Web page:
Bid on software for jail drops when questions are raised

June 13, 2004|ANN R. HARNEY

HARRODSBURG - The prices from a second bidder for software for the Boyle County Detention Center seems to have had an impact on the current holder of the contract.

Evercom currently holds the contract which expires, along with the software, at the end of this month. The Texas company presented a proposal to the Joint Jail Committee at its May meeting. The up-front costs listed in Evercom's brochures and those listed by the second bidder, Digitech, were very similar.

However, representatives of Digitech present at Friday's meeting of the committee could not list a cost for support after the first year and that may have been the Glasgow firm's biggest problem.

When the two men were excused, the committee got down to comparing prices and products.

Support service for the Jail Administration Management Systems by Evercom is included in its fees and those fees were reduced after a telephone conversation between jail Capt. Phil Yates and an Evercom representative.


Evercom's original offer included a monthly fee of $1,228 for a 36-month term. Digitech would only charge a monthly payment for its Jail Tracker software if the committee decided to lease the software rather than buy it at the beginning of the contract.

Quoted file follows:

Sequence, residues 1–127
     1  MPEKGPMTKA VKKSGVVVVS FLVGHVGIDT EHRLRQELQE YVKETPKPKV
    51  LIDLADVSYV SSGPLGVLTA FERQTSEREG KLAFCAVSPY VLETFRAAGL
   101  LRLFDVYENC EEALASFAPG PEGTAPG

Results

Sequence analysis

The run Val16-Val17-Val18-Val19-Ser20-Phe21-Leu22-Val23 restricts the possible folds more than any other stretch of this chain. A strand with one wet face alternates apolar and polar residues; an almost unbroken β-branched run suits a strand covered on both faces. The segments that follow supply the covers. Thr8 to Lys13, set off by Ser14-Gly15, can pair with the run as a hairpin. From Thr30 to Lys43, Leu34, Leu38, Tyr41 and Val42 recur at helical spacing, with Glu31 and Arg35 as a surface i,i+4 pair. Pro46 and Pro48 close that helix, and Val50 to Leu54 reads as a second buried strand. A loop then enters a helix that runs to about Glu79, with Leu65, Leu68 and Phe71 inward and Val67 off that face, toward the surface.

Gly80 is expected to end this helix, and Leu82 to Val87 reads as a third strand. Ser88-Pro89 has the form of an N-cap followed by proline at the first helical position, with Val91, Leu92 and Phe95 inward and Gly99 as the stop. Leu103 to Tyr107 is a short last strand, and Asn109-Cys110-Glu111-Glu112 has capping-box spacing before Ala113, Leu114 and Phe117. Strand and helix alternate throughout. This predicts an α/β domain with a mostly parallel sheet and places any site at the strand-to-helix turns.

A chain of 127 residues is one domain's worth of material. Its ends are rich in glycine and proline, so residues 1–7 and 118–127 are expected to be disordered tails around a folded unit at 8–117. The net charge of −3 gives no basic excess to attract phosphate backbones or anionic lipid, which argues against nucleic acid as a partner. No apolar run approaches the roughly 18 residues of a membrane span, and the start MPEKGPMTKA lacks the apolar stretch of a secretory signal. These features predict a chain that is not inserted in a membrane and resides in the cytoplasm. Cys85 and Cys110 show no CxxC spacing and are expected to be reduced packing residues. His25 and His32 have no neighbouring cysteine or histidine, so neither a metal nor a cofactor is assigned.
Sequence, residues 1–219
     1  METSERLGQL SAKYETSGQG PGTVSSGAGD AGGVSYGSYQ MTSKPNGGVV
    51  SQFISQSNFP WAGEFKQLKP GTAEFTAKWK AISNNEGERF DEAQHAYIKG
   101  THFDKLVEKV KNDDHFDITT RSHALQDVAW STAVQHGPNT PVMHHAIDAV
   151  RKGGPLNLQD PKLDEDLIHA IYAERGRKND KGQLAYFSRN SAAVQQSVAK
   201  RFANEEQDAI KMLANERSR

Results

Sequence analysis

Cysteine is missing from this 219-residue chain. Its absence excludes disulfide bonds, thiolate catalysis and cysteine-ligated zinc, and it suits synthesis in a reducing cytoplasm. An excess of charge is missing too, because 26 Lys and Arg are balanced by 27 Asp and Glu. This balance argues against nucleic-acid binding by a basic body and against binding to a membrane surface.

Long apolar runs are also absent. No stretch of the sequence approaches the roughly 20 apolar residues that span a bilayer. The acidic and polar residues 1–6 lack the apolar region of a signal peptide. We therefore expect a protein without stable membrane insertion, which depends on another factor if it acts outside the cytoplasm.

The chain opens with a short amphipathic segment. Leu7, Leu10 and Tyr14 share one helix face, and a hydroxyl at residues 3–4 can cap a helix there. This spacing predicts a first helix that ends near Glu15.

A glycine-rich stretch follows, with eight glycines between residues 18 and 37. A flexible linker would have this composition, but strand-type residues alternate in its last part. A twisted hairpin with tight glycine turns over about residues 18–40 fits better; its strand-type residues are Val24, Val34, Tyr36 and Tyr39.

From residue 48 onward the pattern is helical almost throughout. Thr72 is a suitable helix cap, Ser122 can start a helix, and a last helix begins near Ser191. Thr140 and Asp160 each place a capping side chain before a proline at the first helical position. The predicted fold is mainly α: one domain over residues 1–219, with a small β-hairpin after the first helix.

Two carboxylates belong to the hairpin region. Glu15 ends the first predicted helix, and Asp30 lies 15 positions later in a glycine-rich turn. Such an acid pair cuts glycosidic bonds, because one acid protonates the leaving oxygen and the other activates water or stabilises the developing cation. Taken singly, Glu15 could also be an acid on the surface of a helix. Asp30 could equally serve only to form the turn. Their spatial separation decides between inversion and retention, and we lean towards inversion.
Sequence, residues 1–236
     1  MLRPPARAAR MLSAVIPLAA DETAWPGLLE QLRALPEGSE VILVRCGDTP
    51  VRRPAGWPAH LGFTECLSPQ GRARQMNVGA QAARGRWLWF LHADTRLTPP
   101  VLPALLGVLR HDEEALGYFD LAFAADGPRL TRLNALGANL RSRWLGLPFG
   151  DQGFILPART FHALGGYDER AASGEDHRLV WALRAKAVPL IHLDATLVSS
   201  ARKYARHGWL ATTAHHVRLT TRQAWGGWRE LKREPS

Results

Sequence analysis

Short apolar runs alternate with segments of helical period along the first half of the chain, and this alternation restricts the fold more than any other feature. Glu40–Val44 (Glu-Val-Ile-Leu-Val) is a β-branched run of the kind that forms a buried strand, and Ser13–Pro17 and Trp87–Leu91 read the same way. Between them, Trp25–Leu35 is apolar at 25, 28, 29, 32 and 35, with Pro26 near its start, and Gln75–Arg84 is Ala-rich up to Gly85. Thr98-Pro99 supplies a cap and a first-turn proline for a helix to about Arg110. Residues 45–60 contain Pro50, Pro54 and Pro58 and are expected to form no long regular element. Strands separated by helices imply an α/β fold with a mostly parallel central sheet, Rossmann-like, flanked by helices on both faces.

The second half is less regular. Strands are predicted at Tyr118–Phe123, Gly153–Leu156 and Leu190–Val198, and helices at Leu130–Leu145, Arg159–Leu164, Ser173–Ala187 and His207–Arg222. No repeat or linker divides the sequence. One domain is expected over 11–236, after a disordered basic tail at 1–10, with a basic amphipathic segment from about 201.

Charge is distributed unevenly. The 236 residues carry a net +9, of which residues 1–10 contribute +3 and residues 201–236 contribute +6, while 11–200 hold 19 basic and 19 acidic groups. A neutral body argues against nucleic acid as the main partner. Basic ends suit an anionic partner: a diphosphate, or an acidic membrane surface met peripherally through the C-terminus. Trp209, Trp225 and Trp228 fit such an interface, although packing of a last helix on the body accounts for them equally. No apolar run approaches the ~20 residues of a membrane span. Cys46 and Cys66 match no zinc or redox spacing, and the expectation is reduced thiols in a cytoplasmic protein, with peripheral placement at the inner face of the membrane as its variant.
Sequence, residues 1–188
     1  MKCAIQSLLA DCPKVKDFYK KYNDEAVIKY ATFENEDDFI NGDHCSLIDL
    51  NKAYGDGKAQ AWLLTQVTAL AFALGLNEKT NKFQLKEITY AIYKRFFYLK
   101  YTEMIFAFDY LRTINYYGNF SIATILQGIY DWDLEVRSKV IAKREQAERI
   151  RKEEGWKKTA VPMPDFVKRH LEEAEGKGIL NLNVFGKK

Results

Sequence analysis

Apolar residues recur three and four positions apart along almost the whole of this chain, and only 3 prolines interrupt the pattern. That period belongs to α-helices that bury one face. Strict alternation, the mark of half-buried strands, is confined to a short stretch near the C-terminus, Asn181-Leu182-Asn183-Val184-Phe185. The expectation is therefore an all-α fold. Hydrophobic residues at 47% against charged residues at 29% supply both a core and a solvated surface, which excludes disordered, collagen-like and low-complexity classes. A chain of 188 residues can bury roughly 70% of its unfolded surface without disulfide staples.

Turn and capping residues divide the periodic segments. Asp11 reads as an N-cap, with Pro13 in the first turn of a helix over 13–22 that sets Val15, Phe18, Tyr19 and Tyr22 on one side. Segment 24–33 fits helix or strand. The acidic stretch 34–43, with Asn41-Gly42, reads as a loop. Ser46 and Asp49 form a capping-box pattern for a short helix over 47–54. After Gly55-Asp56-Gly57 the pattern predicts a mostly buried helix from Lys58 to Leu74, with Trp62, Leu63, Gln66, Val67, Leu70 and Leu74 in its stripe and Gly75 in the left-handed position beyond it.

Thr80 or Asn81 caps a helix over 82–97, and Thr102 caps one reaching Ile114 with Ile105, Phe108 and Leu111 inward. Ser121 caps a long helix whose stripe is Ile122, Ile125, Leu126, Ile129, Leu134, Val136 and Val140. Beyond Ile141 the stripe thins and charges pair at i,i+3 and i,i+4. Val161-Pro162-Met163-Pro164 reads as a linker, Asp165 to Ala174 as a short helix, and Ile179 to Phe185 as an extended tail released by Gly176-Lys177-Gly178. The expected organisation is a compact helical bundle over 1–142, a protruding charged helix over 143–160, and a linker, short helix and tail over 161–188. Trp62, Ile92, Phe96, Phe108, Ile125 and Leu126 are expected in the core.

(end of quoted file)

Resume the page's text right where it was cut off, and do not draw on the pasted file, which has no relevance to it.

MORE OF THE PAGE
Evercom lowered its monthly fee to $1,127

Evercom later lowered its monthly fee to $1,127 for 30 months, a savings of more than $10,000 over the life of the contract. That price included no finance charges for the subscription to its software and a drop from $412 to $151 for professional services.

"They could have come with this the first time,'' Boyle County Attorney Richard Campbell said about Evercom's lower prices. "They were trying to rip us off.''

Yates, who is not a member of the committee but accompanies Jailer Barry Harmon to most meetings, agreed, but said he still preferred Evercom's offer.

Yates set up a conference call with Keith Williams, director of advanced applications with Evercom. One of the first questions put to him was why Evercom was reducing its prices now. Williams replied that other previous software customers had said the price for the new software was unfair.

"We're releasing new pricing for (previous software) clients Monday,'' Williams said, adding the local jail committee was getting an early release of the revised prices.

The inclusion of support services seemed to turn the tide toward Evercom. In the end, Boyle County Judge-Executive Tony Wilder said he thought the other committee members should defer to Harmon, who said he preferred Evercom's contract offer and that was the decision of the committee.

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